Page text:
I hope I answered every question. I will try to reinforce her good behavior instead of punishing her growling. I do realize that growling is a good thing. Our oldest dog who is a pit bull/american bulldog mix had a problem with snapping at people when he was younger and we were soooo relieved when he finally learned to growl if he was uncomfortable. He has gotten better with age and constant training, so hopefully, little Miss Maybelle will get out of this phase soon too.

Thanks everyone for your advice!

Alana

I REALLY (like you said) wonder why anyone would place 3 cavaliers in a shelter. There are numerous cavalier rescues in the Atlanta area.
CKCSCR
ACKCSC rescue trust
Lucky Star Cavalier Rescue and even the Greater Atlanta AKC club would have rescue contacts.

Karlin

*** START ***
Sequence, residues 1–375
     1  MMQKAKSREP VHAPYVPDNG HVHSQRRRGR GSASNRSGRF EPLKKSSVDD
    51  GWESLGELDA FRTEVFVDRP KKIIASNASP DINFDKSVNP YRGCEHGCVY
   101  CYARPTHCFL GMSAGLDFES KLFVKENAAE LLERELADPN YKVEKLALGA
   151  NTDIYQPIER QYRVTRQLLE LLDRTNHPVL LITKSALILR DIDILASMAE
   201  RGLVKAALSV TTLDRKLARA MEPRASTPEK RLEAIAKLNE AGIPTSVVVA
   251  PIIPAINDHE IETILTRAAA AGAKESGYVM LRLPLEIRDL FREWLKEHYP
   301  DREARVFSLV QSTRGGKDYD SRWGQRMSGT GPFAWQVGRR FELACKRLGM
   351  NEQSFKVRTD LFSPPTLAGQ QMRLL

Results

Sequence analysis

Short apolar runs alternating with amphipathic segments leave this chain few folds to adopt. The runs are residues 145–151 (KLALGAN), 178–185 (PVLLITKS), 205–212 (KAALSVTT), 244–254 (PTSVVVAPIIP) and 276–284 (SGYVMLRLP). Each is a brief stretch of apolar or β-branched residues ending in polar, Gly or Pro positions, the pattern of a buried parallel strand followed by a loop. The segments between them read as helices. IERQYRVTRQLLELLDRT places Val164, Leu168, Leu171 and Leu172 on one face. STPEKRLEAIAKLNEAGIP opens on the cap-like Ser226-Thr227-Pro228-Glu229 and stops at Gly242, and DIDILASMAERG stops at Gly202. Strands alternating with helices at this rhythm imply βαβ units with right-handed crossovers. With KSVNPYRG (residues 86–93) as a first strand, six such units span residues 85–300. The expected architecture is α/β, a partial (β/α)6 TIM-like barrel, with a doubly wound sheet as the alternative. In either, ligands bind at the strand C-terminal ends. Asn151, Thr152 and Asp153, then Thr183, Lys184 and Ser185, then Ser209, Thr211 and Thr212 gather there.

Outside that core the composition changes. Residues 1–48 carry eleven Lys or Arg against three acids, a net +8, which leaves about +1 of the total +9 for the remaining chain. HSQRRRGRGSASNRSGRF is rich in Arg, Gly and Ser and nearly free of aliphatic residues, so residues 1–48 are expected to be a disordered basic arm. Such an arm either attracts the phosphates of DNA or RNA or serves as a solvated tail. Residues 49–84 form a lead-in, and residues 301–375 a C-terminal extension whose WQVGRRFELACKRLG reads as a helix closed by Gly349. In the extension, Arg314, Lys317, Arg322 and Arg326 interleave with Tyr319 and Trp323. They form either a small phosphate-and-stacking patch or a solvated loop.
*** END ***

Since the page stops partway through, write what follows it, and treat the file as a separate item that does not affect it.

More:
6th January 2010, 10:29 PM
Thanks for the update and further information. :) That's really interesting about your pitbull cross, that he was able to relearn the idea of growling. That's a really big shift for a dog to make who has lost the ability to warn before reacting. I did a weekend aggressive dog seminar a while back which was fascinating and what the experts said was that the dogs that most of the time cannot be rehabilitated are those that attack without warning because they've eliminated that intermediary warning. So a growl is often very good. what owners want is not to eliminate the growl per se, they want to eliminate the fact that certain situations or behaviors cause the dog to growl inappropriately. At 12 weeks, your puppy is the perfect age to learn!